State-by-State Guide to Taxes on Retirees
Tool | December 2020

North Carolina State Tax Guide for Retirees

State tax rates and rules for income, sales, property, estate, and other taxes that impact retirees.

North Carolina

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The Bottom Line
Flag of North Carolina

Mixed Tax Picture

The Tar Heel State doesn't tax Social Security benefits, but tax breaks for other common types of retirement income are scarce (although government pensions are exempt under certain circumstances). That's certainly a big problem for many North Carolina retirees who dread high income taxes.

But things do get better for seniors in the state. Sales taxes in the state are close to the national average. But, while the state doesn't tax groceries, localities do.

Property taxes are on the low end, too. Plus, homeowners 65 and older can choose between two property-tax relief programs.

There are no estate or inheritance taxes in North Carolina, either.

Income Tax Range

North Carolina has a flat rate of 5.25% of state taxable income.

Taxation of Social Security Benefits

Social Security benefits are not taxed by the state.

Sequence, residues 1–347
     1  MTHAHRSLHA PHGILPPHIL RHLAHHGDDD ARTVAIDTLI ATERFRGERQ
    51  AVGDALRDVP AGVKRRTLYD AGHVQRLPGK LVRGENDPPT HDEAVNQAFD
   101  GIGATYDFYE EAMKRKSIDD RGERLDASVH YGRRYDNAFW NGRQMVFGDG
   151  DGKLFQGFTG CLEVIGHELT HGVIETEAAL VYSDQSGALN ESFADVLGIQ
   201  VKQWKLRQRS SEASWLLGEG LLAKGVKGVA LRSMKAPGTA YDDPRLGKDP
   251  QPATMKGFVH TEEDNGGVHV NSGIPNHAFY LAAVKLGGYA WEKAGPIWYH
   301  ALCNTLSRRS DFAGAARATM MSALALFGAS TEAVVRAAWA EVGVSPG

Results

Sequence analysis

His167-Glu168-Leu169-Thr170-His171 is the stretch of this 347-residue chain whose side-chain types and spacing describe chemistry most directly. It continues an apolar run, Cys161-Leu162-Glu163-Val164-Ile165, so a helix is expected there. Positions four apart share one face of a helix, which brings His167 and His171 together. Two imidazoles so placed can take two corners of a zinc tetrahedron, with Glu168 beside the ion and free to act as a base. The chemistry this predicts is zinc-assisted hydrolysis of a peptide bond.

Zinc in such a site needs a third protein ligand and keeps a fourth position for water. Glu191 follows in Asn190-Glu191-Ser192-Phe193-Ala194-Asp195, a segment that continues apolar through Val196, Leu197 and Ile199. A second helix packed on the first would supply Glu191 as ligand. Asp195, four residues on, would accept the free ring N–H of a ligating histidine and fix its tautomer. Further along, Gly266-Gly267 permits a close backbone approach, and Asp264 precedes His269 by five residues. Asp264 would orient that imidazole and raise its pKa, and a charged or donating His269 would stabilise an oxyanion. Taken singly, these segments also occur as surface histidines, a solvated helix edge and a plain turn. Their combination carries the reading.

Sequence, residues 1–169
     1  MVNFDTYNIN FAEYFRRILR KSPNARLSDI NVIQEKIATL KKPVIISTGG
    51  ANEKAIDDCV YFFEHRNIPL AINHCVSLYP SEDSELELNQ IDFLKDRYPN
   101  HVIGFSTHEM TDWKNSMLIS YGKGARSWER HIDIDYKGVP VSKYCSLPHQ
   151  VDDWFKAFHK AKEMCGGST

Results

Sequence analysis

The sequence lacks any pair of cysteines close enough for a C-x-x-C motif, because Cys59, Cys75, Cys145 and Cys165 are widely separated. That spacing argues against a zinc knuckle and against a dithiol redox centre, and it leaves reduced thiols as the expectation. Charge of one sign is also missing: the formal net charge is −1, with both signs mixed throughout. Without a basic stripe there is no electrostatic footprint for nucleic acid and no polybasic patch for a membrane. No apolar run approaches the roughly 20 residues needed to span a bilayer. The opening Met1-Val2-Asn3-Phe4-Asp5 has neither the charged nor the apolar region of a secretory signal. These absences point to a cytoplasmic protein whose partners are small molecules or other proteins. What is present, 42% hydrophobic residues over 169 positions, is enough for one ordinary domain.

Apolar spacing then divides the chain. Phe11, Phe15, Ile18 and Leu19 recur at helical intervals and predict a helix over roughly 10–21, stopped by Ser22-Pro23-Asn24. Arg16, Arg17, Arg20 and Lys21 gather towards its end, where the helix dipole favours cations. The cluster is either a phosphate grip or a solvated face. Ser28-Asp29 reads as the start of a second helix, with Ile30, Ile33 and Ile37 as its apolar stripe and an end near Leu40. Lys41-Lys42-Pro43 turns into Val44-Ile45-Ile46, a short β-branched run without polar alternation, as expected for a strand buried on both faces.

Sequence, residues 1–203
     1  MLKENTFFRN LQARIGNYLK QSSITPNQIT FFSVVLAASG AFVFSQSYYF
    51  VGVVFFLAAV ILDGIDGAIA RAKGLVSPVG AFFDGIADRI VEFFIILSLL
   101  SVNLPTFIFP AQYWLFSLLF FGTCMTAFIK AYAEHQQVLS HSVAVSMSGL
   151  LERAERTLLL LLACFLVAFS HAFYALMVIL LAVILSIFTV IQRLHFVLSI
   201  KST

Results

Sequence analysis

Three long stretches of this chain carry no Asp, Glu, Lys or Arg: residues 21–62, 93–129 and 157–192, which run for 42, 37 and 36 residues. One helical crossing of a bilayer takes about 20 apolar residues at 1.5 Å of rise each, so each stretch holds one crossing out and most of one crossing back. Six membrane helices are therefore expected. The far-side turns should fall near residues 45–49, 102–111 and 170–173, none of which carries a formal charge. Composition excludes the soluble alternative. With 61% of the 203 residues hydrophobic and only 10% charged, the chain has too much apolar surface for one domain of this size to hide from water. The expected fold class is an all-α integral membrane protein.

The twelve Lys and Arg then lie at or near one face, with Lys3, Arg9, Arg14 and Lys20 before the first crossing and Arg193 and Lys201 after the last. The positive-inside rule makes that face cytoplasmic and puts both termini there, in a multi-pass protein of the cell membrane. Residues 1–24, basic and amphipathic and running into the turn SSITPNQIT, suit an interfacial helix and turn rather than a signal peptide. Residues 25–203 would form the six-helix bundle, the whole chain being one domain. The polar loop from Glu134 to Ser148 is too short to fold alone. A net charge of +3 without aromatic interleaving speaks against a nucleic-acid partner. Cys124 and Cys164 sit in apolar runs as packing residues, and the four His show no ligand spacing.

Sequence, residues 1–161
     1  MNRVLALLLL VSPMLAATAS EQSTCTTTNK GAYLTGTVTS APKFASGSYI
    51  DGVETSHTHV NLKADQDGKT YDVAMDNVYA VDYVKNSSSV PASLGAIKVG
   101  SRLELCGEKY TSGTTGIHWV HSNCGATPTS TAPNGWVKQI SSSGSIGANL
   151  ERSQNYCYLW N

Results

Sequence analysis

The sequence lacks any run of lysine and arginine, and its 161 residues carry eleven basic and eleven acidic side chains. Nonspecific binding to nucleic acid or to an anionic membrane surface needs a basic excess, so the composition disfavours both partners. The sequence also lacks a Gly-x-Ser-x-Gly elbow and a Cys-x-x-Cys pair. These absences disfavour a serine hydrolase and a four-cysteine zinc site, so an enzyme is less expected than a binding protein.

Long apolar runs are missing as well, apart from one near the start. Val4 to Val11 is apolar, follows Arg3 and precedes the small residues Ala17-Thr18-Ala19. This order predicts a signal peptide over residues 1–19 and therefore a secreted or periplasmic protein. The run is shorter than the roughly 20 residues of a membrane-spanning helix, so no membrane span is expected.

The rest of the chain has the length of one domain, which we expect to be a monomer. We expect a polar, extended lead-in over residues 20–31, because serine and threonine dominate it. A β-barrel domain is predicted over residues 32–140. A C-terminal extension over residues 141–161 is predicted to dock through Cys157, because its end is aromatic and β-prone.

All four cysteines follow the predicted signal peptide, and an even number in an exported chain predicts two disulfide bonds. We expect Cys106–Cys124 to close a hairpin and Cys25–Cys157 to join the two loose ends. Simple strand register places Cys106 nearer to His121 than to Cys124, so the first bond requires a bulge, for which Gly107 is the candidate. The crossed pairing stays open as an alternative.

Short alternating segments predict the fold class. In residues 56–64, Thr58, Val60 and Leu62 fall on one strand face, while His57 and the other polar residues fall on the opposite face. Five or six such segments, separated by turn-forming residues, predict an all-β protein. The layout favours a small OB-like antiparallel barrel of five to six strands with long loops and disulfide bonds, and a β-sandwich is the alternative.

Tax Breaks for Other Retirement Income

Income from federal government, designated North Carolina state and local government, and military retirement plans is exempt if the retiree had five or more years of creditable service as of August 12, 1989. This exemption is known as the "Bailey exemption."

Railroad Retirement benefits are also exempt.

Sales Tax

4.75% state levy. Localities can add as much as 2.75%, and the average combined rate is 6.98%, according to the Tax Foundation.

Groceries: Exempt from state tax, but 2% local tax may apply
Clothing: Taxable
Motor Vehicles: Exempt from ordinary sales tax, but taxable under special 3% highway-use tax
Prescription Drugs: Exempt

Real Property Taxes

To qualify for the Elderly or Disabled Exclusion, a homeowner must be at least 65 years old or totally and permanently disabled, with income of no more than $31,500 for 2021 ($31,000 for 2020). The program excludes the first $25,000 or 50% of the home's appraised value, whichever is greater, from taxation.

The state's Circuit Breaker Tax Deferment Program limits property taxes to 4% of an owner's income for those 65 years and older who make less than $31,500 a year for 2021 ($31,000 for 2020). For those making between $31,501 and $47,250 for 2021 ($31,001 to $46,500 for 2020), property taxes are limited to 5% of their income. Taxes over the limitation amount are deferred and remain a lien on the property. Homeowners must choose between the programs.

Annual Car Taxes and Fees

An annual vehicle property tax based on the car's age and value is imposed. County and municipal/district tax rates apply.

Estate and Inheritance Taxes

No estate or inheritance tax.